In France, Identitarians have significant ties to the National Rally (formerly known as the National Front). Identitarian leader Philippe Vardon is an elected official for the National Rally and recently became a part of the party’s national bureau. Many of the advisers for the young National Rally leader Marion Marechal come from the Identitarian movement, and Identitarians believe they are influencing the future direction of the party.
Identitarians influence public debate through activism. One example was “Defend Europe,” which chartered boats to block NGO-operated migrant ships in the Mediterranean. Dr. Zuquete writes that this “managed to put the Identitarians at the very center of a mainstream media frenzy.”
Dr. Zuquete traces the intellectual foundations of the Identitarians back to the Nouvelle Droite (ND) popularized by Alain de Benoist in the 1970s. The ND sought to break away from both traditional conservatives and European fascism and stressed identity as the foundation of politics.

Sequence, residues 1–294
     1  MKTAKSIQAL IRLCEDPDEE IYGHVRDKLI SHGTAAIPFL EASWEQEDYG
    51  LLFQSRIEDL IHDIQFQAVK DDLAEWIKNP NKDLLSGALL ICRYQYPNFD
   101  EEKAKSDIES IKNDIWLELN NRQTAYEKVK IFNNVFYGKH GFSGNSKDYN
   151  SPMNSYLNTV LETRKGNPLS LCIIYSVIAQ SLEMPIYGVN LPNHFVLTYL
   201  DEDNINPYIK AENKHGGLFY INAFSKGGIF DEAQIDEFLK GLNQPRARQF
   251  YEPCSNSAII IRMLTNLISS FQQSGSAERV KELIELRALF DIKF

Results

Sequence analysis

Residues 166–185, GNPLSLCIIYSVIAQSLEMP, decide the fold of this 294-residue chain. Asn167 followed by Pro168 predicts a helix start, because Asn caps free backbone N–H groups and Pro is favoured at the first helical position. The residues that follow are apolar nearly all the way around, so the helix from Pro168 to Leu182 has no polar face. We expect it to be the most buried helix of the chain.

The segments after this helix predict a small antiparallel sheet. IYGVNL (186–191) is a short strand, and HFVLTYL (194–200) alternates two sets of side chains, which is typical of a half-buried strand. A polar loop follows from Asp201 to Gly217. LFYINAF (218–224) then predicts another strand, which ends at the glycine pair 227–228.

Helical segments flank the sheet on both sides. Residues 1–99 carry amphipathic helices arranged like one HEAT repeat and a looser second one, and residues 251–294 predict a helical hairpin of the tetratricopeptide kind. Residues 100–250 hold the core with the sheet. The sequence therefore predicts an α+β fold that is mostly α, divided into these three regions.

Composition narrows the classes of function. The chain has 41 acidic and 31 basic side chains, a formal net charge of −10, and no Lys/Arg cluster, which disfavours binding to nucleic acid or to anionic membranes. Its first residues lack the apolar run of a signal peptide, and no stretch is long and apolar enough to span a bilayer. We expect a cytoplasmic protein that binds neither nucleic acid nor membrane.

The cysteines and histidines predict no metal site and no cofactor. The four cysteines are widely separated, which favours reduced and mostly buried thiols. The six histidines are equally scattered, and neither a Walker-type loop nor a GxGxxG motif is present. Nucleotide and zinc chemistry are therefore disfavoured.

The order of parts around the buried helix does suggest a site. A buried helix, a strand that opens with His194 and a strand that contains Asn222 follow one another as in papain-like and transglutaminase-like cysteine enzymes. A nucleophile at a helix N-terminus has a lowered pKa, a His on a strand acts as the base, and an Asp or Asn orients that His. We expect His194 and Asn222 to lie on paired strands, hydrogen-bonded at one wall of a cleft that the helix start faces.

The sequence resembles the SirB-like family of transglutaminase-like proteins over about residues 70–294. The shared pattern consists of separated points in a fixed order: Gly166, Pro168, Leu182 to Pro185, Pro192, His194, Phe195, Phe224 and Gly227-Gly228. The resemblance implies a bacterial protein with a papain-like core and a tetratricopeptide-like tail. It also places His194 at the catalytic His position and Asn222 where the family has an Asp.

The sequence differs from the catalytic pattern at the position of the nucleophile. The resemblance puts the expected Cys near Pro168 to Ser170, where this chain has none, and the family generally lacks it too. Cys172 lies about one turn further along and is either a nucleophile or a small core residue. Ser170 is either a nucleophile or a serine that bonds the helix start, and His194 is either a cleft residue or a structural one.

Nevertheless, Identitarians see the ND as too intellectual and detached. The activists are critics of Mr. Benoist and his circle’s “communitarian” approach to multi-racial societies. Mr. Benoist and other prominent ND intellectuals have distanced themselves from past racialist views and now call for the “cause of peoples.” Mr. Benoist wants to establish ethnic communities living side by side, whereas Identitarians fight for European peoples only and want non-Europeans to go home. Dr. Zuquete quotes Mr. Benoist criticizing Identitarians for “assigning ethnic factors the role that Karl Marx assigned economic factors.”
Many ND figures — including Guillaume Faye, Dominique Venner, Pierre Vial, and Robert Steuckers — disagreed with Mr. Benoist’s downplaying of race. Dr. Zuquete often quotes these dissidents because he thinks they more accurately represent the views of Identitarian activists.
Dr. Zuquete dedicates an entire chapter to how Identitarians treat race. He writes that there are two different approaches, which he calls “racialist” and “pragmatist.” The racialists talk openly about race and promote racial science. They understand the importance of biological identity. They argue that miscegenation is a serious threat to European identity and that the continent’s racial stock must be preserved.
The pragmatists do not directly oppose racialist arguments, but they see them as politically disadvantageous. The pragmatists in Generation Identity attack the system’s anti-white bias, but they do not (at least openly) stress the importance of racial identity. Dr. Zuquete calls this a “goes-without-saying” approach to race.